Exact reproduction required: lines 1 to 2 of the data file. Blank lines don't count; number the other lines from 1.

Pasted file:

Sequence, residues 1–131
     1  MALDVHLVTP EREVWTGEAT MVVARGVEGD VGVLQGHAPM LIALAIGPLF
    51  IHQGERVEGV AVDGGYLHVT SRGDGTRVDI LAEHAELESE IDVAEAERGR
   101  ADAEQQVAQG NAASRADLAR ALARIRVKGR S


Sequence, residues 1–131
     1  MALDVHLVTP EREVWTGEAT MVVARGVEGD VGVLQGHAPM LIALAIGPLF